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The past nine years at Pure have been busy – we’ve been working hard to bring growth and innovation back to the enterprise storage market, shaking things up with everything from flash to cloud-based management, AI, and a wholly-better ownership and support model. But increasingly our customers have started to stretch their IT strategies across owned infrastructure, SaaS, and public cloud providers. And a common refrain we’ve gotten from our (sometimes fanatic) customers is “why can’t I have the same Pure experience in the public cloud?”
We’re starting a new chapter for Pure customers – where we’re taking everything we’ve learned on-prem about simplicity, performance, and autonomous support – and bringing it to the public cloud by launching a new set of Pure Storage Cloud Data Services, running as software natively on the Amazon AWS platform.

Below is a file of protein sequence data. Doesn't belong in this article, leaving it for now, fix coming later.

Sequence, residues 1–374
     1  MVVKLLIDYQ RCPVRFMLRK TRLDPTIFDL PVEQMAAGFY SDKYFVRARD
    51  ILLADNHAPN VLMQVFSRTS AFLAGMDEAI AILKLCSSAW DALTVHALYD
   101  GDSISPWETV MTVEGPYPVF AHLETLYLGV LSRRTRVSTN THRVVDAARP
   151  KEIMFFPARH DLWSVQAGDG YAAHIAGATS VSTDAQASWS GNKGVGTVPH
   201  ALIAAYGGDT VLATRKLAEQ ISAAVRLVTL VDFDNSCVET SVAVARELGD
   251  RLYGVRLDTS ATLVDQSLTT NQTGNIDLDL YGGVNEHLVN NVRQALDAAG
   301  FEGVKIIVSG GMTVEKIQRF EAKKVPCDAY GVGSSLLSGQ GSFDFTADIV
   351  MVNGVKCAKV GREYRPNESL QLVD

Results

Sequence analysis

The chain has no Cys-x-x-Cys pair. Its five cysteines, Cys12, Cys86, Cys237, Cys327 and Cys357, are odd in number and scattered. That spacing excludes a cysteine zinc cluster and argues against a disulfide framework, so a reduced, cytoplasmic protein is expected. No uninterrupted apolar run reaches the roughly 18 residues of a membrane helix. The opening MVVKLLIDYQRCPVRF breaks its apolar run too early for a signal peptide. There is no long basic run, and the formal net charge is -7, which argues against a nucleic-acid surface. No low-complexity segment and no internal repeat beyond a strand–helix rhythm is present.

We are announcing three new cloud data services, which work together to deliver a unified cloud:
These new cloud data services are designed to enable customers to approach hybrid cloud with a new level of unified infrastructure, so now customers can:
It’s going to be an exciting day, and it’s just the start of the journey. We look forward to working with our customers in unifying their clouds and innovating together, as we bring these and many more new cloud data services to market in the coming years.
We invite you to learn about our new announcements. View our online launch event showcasing Pure technology leaders, analysts, and customers; or read our deep-dive blogs with demos to help you get right into the details:
And if you’d like to read a bit more about Pure’s views and vision for hybrid cloud, read on…
Cloud Strategy Evolving: From Hybrid Cloud → Hybrid Apps
It’s hard to believe we’re now 15 years into “cloud” – and for most organizations we’re still just getting going. But the past few years have seen a real maturity in how organizations are thinking about their cloud strategies. Most CIOs have now moved beyond simple “all on prem” or “all cloud” strategies, to realize that both are powerful tools in delivering on their IT strategies. They are opting instead for “hybrid cloud” with a real commitment to using both. But at Pure, we believe that today’s dialogue around whether an app should live “on prem” or “in the cloud” is just a waypoint; what we’re really evolving to are true hybrid applications: